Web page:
Over the course of 1967 and 1968, Argentine writer Jorge Luis Borges delivered a series of lectures at Harvard about the nature of human language. In one of these lectures, he spent a good deal of time ruminating on the importance of metaphor and its limitless possibilities in language. Borges theorized that despite these boundless possibilities for poetic language, there were nevertheless distinct patterns of metaphors that kept cropping up—a favorite example of his being the metaphorical equivalence of "stars" and "eyes."
It was this lecture series given by the surrealist writer that inspired Poetry for Robots, a project launched last week through a partnership between Neologic, Webvisions, and The Center for Science and the Imagination at Arizona State University. The project seeks to put Borges' theory to the test, asking on their website whether it is possible to teach machines the poetic quality of human language.
"I want to experiment with robots thinking more like we do rather than vice versa."
If we really do cluster our metaphors as Borges thought, we should also be able to manipulate metadata with poetry, theoretically allowing Google search results for "eyes" to return images of stars in addition to pupils.
"In an image databank, you're often searching metadata that's really poor," said
Corey Pressman, a partner at Neologic, a digital agency that helps clients build websites, apps, and other digital experiences. "It doesn't match how we actually think about the world. As a species, we think about it metaphorically—poetically."
The Poetry for Robots experiment has two parts. The first is the data entry side, which just launched last week. In this phase, the team is hoping that it can crowdsource poetry in response to a set of 120 images on the site to use as metadata for its image database. Users are asked to input poems up to about 150 characters which respond to a particular image—an endless expanse of sea, a girl holding a sparkler, a bowl of candies, or whatever you find that moves you.
The team will be accepting responses throughout the summer, compiling the poetry into a large collection of metadata for their image database. They plan to showcase their results at Webvisions Chicago in September, where they hope to prove Borges' theory correct, contributing to a paradigm shift from machine learning which is cold, scientific, and literal to ludic, poetic, and human.
According to Pressman, the Poetry for Robots project is much more than a mere novelty—it has the potential to revolutionize the way we interact with machines. As it currently stands, in order to search image databases, humans must "think like machines"—if you want a picture of stars, you search "stars," not "eyes." Despite the efficacy of this utilitarian approach, it begins to break down at the boundary of the human, where abstract experiences such as "sadness" or "beauty" are difficult to quantify as image metadata.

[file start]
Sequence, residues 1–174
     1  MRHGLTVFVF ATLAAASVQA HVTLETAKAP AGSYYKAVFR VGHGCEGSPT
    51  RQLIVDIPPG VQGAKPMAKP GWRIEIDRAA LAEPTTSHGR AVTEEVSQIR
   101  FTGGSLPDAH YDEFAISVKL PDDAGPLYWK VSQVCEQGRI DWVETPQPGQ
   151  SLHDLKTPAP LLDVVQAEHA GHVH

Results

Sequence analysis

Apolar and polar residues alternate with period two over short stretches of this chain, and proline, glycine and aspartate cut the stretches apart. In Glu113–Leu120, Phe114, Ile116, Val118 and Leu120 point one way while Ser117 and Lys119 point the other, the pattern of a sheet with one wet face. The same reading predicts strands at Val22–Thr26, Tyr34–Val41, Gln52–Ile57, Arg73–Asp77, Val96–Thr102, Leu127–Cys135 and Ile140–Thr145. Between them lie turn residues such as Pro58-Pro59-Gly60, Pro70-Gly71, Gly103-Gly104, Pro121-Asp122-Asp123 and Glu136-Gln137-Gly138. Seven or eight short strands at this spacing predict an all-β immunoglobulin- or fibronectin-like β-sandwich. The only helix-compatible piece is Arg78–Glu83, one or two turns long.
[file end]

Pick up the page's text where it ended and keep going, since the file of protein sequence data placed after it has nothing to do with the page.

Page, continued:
"I want to experiment with robots thinking more like we do rather than vice versa, so that an image search for emotions give us images that resonate with us," said Pressman. "Robots are a tool so I'd rather have them think more like us. Ultimately you can get richer, more realistic search results."
The second application of the Poetry for Robots project largely depends on the success of the metadata portion. If all goes as expected, the ability for robots to search like a human could also lead to the ability for robots to write poetry as well.
While human creative endeavors have often been seen as the only safe refuge from the robot takeover, computers have already successfully demonstrated that they are capable of engaging in creative processes. Machines have had their poetry accepted in literary magazines and a number of bots source tweets to use as fodder for poetry they spew into the twittersphere. Perhaps most poetic of all, there is a computer that scrawls self-effacing poems into the sand.
Pressman, who is himself a poet, is the first to admit that there is something unsettling about robots creating art. However despite the uncanniness of artistic machines, he cites Brian Eno and Peter Chilver's generative music applicationBloom as a particularly instructive example of the beauty that can still be found in machine generated art.
"Generative music doesn't seem cold to me—I dig it," said Pressman. "At the same time, part of the glory of getting turned on by a Pattiann Rogers poem, for example, is that you know someone wrote it. You're resonating with how she sees the world so you feel less alone. People probably get a little uncomfortable with [Poetry for Robots] because poetry is so much about empathy and empathizing with another person."
The Poetry for Robots project has the capacity to drastically improve this relatively rudimentary field of creative machine learning by allowing computers to better understand the essence of metaphorical language, which if Borges is right, is a large part of what makes us human. As neo-Luddites of all stripes lament the perceived mechanization of humanity, Poetry for Robots is striving to reverse this trend by humanizing the machines, for better or worse.
"In 1989 Norman Cousins wrote a piece saying that computers are coming and let's not have them dehumanize us. He recommended that in order to do that, every time they have a technician working on something that they should hire a poet to work with them," said Pressman. "As the robots proliferate in our lives, in order to keep them humanized, we need to not just have computer scientists in the room, but have the arts and humanities side by side with what they are doing. I think that's the real beauty of what is going on here."